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With our investment news briefs, Money Morning provides investors with a quick overview of the most important investing news stories from all around the world.
Intel Dealt $1.45 Billion Fine; WSJ: Gov't Wants Financial Sector Pay Overhaul; Verizon Divests Access Lines for Stock; AIG Says 5 Years to Pay Back Gov't; Foreclosures Jump to Record High; Geithner: Small Banks to Get TARP Funds; Auto Dealers Get The Axe; Ford Raises $1.4 Billion From Stock Sale
- European Union legislators smacked Intel Corp. (NASDAQ: INTC) with a record 1.06 billion euro ($1.45 billion) fine for using illegal rebates to push competition out of the market. The verdict and fine is the culmination of an eight-year investigation on the tech titan, Bloomberg reported.
- The Obama administration is talking about changing compensation practices in the financial-services industry, including banks that did not receive bailout money, The Wall Street Journal reported. The talks are in early stages, and there are several ideas floating – including having the Federal Reserve and Securities and Exchange Commission in supervisory positions.
- Frontier Communication Inc. (NYSE: FTR) said it has agreed to buy 4.8 million access lines from Verizon Communications Inc. (NYSE: VZ) for $5.25 billion in stock. The deal triples its size and makes it the largest U.S. communications provider to rural areas, Reuters reported.
- American International Group Inc. (NYSE: AIG) Chief Executive Edward Liddy told a Congressional panel that he expects his firm to repay the government in three to five years. Liddy said that time frame is contingent upon the financial markets remaining stable or improving, Bloomberg reported.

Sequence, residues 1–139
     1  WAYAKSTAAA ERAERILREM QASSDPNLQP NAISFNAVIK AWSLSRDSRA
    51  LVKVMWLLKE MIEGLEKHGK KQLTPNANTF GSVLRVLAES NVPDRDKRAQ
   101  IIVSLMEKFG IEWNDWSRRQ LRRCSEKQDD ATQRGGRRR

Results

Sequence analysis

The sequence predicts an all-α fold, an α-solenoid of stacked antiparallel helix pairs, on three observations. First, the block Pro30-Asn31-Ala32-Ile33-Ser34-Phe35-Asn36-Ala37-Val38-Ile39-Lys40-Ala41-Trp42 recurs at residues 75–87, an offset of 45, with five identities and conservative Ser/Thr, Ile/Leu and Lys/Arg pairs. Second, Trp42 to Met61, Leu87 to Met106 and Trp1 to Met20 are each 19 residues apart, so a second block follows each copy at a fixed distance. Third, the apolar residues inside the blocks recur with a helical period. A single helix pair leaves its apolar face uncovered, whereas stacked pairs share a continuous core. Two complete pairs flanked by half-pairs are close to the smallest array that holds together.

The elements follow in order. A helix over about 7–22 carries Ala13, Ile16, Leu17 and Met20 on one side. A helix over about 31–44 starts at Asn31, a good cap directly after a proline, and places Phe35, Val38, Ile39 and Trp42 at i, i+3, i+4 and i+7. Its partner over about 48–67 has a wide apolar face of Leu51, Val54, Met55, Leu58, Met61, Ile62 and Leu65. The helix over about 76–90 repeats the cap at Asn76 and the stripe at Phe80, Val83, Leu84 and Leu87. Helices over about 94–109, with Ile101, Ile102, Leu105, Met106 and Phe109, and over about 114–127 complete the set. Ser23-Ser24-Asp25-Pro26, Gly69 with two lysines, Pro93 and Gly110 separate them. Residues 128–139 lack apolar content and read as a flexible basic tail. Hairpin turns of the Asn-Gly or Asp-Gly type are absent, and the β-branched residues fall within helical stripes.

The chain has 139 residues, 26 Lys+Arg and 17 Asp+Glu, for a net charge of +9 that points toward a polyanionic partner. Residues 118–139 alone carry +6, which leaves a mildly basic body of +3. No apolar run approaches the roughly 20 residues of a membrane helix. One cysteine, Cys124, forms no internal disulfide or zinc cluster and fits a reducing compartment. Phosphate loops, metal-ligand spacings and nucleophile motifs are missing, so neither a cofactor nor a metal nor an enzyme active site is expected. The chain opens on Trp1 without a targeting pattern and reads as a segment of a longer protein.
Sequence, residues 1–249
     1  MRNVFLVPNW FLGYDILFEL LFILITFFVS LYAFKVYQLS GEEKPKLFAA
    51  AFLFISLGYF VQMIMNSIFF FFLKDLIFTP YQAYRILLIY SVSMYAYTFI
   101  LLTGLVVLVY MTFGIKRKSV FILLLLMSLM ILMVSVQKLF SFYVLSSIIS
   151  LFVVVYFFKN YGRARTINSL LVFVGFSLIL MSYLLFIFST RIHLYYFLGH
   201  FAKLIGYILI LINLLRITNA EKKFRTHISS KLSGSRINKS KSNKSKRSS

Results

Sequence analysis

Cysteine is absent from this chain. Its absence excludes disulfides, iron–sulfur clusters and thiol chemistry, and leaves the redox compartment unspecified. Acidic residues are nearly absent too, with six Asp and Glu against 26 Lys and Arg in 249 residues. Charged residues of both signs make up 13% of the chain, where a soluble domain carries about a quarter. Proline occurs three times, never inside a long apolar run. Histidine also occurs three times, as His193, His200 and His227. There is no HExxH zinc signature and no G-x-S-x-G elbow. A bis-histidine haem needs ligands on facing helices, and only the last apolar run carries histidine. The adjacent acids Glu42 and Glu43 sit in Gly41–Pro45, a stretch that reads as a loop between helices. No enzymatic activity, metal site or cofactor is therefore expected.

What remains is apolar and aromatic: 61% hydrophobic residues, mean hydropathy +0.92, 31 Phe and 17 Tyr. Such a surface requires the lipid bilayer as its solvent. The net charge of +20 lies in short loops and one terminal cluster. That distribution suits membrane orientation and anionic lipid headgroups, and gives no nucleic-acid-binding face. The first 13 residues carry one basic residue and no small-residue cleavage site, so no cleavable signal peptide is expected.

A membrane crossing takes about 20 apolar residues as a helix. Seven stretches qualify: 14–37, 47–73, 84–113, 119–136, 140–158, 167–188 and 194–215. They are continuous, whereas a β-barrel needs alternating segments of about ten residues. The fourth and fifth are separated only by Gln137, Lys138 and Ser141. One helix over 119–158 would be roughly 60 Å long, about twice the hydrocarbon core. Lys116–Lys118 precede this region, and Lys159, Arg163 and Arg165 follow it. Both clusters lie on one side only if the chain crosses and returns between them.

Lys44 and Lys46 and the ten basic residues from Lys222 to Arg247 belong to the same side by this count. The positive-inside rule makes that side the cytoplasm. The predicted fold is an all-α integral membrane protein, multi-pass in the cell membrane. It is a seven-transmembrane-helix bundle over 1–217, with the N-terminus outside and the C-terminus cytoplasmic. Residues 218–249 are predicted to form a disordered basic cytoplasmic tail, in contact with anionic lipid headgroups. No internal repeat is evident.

- Foreclosures on U.S. homes jumped 32% in April from a year ago to a record high, RealtyTrac said yesterday (Wednesday). One in every 374 households with mortgages received a foreclosure filing in April, the highest monthly rate since RealtyTrac began tracking it in January 2005. Filings were reported on 342,038 properties last month, a number expected to climb because temporary freezes on foreclosures by banks ended in March, Reutersreported.
- U.S. Treasury Secretary Timothy Geithner said yesterday (Wednesday) that the government planned to reopen the $700 billion bailout fund to small banks once the larger firms repay some of the government money they received. Speaking to a group of community bankers, Geithner also said the U.S. financial system has completed a big part of the painful adjustment away from its excessively leveraged state, and lending is starting to improve, Reuters reported. He said there was still more restructuring ahead for the financial industry as a whole, "but a substantial part of the adjustment process is now behind us."
- General Motors Corp. (NYSE: GM) and Chrysler LLC dealers in urban areas probably will suffer the most when the companies reveal which stores will close this week, Bloomberg reported. Chrysler will today (Thursday) disclose which dealers it intends to retain, according to court documents. GM will notify 1,000 to 1,200 dealers whose franchises won't be renewed on Friday, the company said.
- Ford Motor Co (NYSE: F) said it raised $1.4 billion through a 300 million share offering on Tuesday, Reuters reported. Ford said the proceeds would be used for general corporate purposes, including to fund a portion of its obligation to a union-run fund set up for retiree healthcare expenses. Chief Executive Alan Mulally said in a statement that issuing equity now and possibly funding a larger portion of its retiree obligations with cash would help Ford improve its balance sheet and reduce the potential impact of those obligations on its shareholders.